1897. Good Manners

Evidently many parents don’t see good manners as essential to their own satisfaction with life. Or else they lack the character to exemplify it, willingness to expect better of their children, or ability to comprehend social disadvantages.

Good manners send two messages. “I respect you” to those exposed to it, and “I respect myself” enough to make you appear respectable—without you having to earn it.

Self-respect is the foundation of individual behavior. Respect of others is the foundation of good relationships. To the extent that self-respect, mutual respect, and independent freedom of choice are lacking, relationships are weaker. Moreover, good manners enable trust and respect to work together. More of each generates more of the other and the effects compound into greater respect and trust. Consequently, good manners provide the first sign that respect and trust can exist and are buildable between respectable and trustworthy people.

On the other hand, absence of both respect and trust fosters selfishness and enables indifference and contempt between others. It’s but a small step from there to untamed aggression and violence for boys and single men and modern custom is starting to sweep girls into evil practices against their inherent nature.

Unless taught better, youth generally scorn good manners, because it empowers them to ignore the interest of others in favor of their exclusive self-interest. It’s a natural outgrowth of hormonal disturbances in adolescence and why parents should teach good manners long before puberty.

I offer this advice to single moms. The better you exemplify good manners, teach it and require it of your children, the fewer problems you will have during their growth. Now, that makes so much obvious sense that one must wonder why society seems not to profit from it. I think it is the lack of good examples, lack of consistency, lack of fairness, lack of self-respect, lack of mutual respect. Add to that the lack of female leadership by indirectness dealing with males and too much demanding and insisting caused by motherly frustrations, fears, and loneliness. Not enough self-enforced calmness, composure, and earnest showering of respect upon kids as persons who deserve mom’s good manners. (I don’t forgive fathers but stay focused on mothers because it’s what women never hear.)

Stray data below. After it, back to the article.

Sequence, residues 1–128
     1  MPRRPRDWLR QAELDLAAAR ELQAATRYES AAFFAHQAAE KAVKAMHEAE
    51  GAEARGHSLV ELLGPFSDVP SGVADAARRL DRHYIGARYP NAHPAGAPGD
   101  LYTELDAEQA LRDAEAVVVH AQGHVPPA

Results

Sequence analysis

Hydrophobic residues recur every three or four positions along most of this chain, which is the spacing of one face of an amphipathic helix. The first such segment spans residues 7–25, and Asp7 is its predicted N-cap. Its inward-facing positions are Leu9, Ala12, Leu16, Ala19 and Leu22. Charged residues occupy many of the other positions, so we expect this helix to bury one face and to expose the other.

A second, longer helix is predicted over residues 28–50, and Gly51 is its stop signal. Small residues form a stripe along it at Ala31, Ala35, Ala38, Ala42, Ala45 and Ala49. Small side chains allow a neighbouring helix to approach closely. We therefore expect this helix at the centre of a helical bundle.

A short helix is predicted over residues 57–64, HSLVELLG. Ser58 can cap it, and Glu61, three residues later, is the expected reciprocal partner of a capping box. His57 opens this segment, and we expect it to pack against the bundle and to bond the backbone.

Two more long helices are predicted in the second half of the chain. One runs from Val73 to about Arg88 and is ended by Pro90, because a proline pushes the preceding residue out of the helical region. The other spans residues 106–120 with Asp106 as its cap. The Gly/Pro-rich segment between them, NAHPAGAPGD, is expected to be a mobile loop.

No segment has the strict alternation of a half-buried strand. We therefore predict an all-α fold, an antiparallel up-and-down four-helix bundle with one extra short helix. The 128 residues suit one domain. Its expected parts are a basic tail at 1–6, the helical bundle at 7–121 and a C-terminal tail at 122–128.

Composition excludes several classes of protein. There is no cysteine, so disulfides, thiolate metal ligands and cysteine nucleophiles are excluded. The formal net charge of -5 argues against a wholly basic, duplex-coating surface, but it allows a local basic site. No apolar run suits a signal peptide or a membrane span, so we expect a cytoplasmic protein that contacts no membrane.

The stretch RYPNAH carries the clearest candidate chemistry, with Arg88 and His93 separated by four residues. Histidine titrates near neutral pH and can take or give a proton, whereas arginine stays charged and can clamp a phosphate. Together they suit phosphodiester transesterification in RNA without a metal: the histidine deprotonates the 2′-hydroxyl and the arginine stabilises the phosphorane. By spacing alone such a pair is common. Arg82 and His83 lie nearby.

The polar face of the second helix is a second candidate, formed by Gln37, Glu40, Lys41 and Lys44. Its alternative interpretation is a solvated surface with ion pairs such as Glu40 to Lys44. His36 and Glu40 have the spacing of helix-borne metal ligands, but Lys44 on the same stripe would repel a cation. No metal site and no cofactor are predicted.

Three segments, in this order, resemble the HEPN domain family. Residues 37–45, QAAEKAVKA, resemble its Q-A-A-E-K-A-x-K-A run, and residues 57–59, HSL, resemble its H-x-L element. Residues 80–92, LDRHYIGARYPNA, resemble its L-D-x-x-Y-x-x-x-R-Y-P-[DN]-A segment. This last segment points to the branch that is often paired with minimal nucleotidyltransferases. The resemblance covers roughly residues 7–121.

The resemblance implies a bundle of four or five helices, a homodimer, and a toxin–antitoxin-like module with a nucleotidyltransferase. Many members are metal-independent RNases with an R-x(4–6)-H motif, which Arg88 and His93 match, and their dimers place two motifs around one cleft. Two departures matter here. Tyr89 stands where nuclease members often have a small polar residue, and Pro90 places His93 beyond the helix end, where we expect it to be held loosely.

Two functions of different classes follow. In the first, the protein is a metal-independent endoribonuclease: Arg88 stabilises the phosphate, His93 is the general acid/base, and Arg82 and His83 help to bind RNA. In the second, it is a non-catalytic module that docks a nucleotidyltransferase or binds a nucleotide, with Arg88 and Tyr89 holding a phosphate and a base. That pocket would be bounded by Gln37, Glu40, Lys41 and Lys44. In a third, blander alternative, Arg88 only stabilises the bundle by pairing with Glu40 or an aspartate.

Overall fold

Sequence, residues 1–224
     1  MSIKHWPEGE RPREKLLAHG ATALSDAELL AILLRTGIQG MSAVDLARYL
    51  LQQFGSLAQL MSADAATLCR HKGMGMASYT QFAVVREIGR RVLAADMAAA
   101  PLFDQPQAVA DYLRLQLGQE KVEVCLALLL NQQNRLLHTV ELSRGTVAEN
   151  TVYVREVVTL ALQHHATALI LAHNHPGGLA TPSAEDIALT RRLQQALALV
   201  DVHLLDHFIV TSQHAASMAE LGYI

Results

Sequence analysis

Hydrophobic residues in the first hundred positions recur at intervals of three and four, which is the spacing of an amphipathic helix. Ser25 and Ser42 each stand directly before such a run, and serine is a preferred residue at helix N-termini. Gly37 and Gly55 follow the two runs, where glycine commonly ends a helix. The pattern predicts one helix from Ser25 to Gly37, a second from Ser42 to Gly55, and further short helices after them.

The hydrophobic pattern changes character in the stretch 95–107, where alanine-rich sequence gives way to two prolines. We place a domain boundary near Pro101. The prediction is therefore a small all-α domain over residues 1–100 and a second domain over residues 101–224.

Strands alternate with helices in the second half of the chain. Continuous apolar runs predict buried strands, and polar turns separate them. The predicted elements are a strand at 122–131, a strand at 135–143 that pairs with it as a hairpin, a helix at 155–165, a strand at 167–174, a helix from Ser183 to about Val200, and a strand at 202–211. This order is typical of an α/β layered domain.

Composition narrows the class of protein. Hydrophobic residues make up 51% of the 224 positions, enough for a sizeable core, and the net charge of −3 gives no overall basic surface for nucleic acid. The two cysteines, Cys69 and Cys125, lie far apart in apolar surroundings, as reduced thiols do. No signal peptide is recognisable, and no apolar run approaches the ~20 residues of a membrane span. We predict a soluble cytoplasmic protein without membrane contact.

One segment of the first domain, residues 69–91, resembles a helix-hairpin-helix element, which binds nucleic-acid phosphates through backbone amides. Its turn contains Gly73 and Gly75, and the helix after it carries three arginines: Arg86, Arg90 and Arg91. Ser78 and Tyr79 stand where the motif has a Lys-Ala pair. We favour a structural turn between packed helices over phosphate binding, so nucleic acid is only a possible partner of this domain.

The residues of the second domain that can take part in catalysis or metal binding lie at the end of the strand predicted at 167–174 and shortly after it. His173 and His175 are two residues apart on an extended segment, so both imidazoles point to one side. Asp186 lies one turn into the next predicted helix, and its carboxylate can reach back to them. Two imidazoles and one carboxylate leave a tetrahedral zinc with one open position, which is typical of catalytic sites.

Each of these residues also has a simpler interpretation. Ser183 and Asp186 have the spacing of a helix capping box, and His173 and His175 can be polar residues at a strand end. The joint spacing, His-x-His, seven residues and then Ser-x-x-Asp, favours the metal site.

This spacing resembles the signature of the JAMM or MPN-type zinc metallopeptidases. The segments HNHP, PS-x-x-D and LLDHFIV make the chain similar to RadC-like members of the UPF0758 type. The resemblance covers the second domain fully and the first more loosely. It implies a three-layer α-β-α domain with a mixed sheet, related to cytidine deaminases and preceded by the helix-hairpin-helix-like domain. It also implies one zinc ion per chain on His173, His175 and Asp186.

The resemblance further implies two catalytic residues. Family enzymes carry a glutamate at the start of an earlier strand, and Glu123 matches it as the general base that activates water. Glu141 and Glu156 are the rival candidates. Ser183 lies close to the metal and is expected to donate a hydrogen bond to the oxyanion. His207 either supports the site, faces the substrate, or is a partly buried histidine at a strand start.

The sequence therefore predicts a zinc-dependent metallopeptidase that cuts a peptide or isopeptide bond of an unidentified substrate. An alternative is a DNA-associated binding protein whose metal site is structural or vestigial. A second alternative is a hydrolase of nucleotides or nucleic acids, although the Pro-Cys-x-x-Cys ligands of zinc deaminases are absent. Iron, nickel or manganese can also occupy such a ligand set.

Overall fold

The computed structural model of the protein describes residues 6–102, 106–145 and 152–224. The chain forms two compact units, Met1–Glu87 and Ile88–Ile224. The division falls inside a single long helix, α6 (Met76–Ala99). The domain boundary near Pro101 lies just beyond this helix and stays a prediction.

Filed under Dear daughter

4 responses to “1897. Good Manners

  1. J'ahdore

    Dear Sir Guy,

    Morning pretty time instead of extra sleep despite depression or whatever; (pretty time including time to sweat a beautiful figure. …) letting go of controlling a situation in favor of allowing emotions to be felt – and not necessarily expressed, but acknowledged and perhaps shared with Lord – are inspired in me through reading this Blog. Thus, greater patience and less need to be direct and demanding of anyone has released me, personally, from many fits of poor child like and ugly manners.

    I have a lot of work to continue, but I feel free to FEEL and stronger to not DO in the heat of moments in this rough and tumble world as your brain washing (much needed here! ) continues to bring out greater femininity in my personality.

    In other words, the wisdom presented in WWNH have cultivated within me improved manners – a byproduct.

    It is quite liberating and I am so grateful; though some days are deep strain when I look at the choices of my past which have shaped my present life – choices a by product of feminism.

    Thank you, Sir Guy, for cleaning up my ears. I look forward to a brighter future with my cleaner head and more feminine posture.

    Your Highness J’ahdore,
    That you appreciate yourself so much more makes the world brighter for the rest of us and gives me another payday. I bet your smiles hold much more sincerity and charm too.

  2. Lin

    Sir Guy, This is a lovely post. I have learned a lot about respect from your blog. Over the time I have been following this blog, I have tried to apply your teachings on giving respect unconditionally, including to the male sex. Now I am far from perfect and I have so much more to keep putting into practice in everyday life.

    I very much want to share with you what my boyfriend said about me when we just started dating. He remarked in a somewhat surprised but pleased voice about how respectful I seemed to be. He has mentioned that a few times. It seems to him to be a stand out feature. When I heard that I was so happy, because I had been applying all your teachings on respect.

    This post is a good reminder. Thank you.

  3. Lisette

    I now live in the southern US and really appreciate how people here for the most part are still mindful of good manners. I get doors opened or at least held open for me on a daily basis and people routinely call each other sir and ma’am. It does make life so much more pleasant.

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